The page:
The Mad Dance of Fantastic Phantoms
About the Writer
Ajinomoh Ozovehe Caleb is a freelance journalist, screenwriter and novelist. A finalist for the Book Doctors’ 2016 Pitchapalooza for his debut work of fiction, his short stories and essays have appeared/forthcoming in Threepenny Review, Africanwriter.com, Compose Journal and Virginia Quarterly Review. Currently at work on a novel and a first collection of short stories, he pours his days into the scribbling. He tweets at @queerpants.
Anaza dies on June 2nd. But on that day, he will walk into Aunty Orahachi’s bar and buy drinks for young men who are tired of looking for white collar jobs, who cut grass in homes where all the virile adult men have gone off to big cities, who impregnate bread hawkers’ daughters and argue with their own mothers and lock their sisters out for keeping late nights, who barricade themselves in their ignorance of how politics works and will slit their own fathers’ throats if the man whose name is installed underneath “Donated by” at the community tap or borehole requires it. He will also buy drinks for his peers, far less successful men, who although they’d seen life for as long as he had, were not lucky to have two wives who loved one husband equally, or six children who had all brought men home, or large fields of cocoa plantations and gigantic yams and palm trees which bled wine and red oil in equal quantities. They will sing his name, raise dirty hats and clap their tough hands as he walks back out into his 1960 Mercedes, which had belonged to his father, which he renovated every two years and would not, no matter how much he earned, or the children complained, buy another car. His driver, Adayi Obembe, a stout fellow of imperceptibly noble arrogance, will accept the worship on his master’s behalf and throttle the ancient engines to life and honk all the way as they back out into the road.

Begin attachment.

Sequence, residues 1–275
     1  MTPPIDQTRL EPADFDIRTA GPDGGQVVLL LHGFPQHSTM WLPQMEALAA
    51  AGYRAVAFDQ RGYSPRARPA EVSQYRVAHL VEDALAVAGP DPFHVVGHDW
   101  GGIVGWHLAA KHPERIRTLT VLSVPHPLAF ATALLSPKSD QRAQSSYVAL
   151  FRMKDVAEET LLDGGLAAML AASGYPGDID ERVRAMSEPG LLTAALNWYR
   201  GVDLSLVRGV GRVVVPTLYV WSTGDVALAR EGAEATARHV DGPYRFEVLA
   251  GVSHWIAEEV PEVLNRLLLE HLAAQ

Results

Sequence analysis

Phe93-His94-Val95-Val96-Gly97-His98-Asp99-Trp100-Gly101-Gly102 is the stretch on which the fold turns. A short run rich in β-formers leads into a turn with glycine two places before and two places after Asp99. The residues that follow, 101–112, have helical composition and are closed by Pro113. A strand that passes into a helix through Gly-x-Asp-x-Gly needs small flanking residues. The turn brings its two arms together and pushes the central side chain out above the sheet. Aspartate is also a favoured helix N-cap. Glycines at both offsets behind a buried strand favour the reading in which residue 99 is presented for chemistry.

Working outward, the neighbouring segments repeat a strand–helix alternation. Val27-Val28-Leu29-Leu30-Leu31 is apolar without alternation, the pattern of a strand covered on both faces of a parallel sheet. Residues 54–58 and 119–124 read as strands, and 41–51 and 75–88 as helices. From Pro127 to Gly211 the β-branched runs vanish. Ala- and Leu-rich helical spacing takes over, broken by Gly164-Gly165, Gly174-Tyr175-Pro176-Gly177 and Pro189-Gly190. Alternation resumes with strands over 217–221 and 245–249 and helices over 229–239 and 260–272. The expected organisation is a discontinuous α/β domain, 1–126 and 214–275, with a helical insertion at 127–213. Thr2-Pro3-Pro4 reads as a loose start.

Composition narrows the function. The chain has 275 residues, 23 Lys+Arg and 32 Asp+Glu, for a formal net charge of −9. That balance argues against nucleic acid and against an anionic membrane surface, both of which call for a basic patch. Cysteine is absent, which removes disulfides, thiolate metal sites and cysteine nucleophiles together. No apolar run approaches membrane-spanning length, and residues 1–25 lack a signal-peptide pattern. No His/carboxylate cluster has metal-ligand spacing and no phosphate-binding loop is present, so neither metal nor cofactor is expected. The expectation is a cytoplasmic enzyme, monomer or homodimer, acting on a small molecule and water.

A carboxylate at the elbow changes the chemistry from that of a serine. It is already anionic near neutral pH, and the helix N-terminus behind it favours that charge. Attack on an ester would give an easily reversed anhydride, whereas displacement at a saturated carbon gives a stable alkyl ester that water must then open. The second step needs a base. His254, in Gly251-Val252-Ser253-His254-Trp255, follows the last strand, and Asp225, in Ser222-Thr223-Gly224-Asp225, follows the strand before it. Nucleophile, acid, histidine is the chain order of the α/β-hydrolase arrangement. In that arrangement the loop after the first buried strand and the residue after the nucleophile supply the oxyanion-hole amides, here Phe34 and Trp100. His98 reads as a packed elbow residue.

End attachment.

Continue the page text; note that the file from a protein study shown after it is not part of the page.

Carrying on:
He will instruct Adayi Obembe to drive past rows and rows of spare parts shops to the old appeal court at the edge of the LGA secretariat where the cocoa farmers and yam sellers and palm wine tappers and red oil merchants are in a Community Development meeting. There, he will observe Mallam Echechi expressing his disgust with the council elections and the imposition of candidates by the local government chairman whom he will call, “daft, mad and the product of a witch’s ineffective spell.” Adayi Isevor will cut him short and remind him that they are not gathered for political discourse and that calling another man names will not improve the community’s fortunes. Mallam Echechi will continue speaking. They will nearly come to blows. Anda, a man two feet from his own six, will declare his embarrassment and shame at the behavior of these adults, then proceed to remind them both that rich men survive on the petty squabbling of poor men whose inability to see their own insignificance enslaved them perpetually in the darkness of abject indigence. This he will do before concluding with the poor market prices and steps which need to be taken to urgently address it. Somebody else, a thin-bearded man much younger than a majority of the men in the room, will ask for Anaza’s presence to be recognized. They will applaud Anaza loudly and beat their feet into the ground so hard Adayi Obembe will hiss from the car and mutter certain invectives.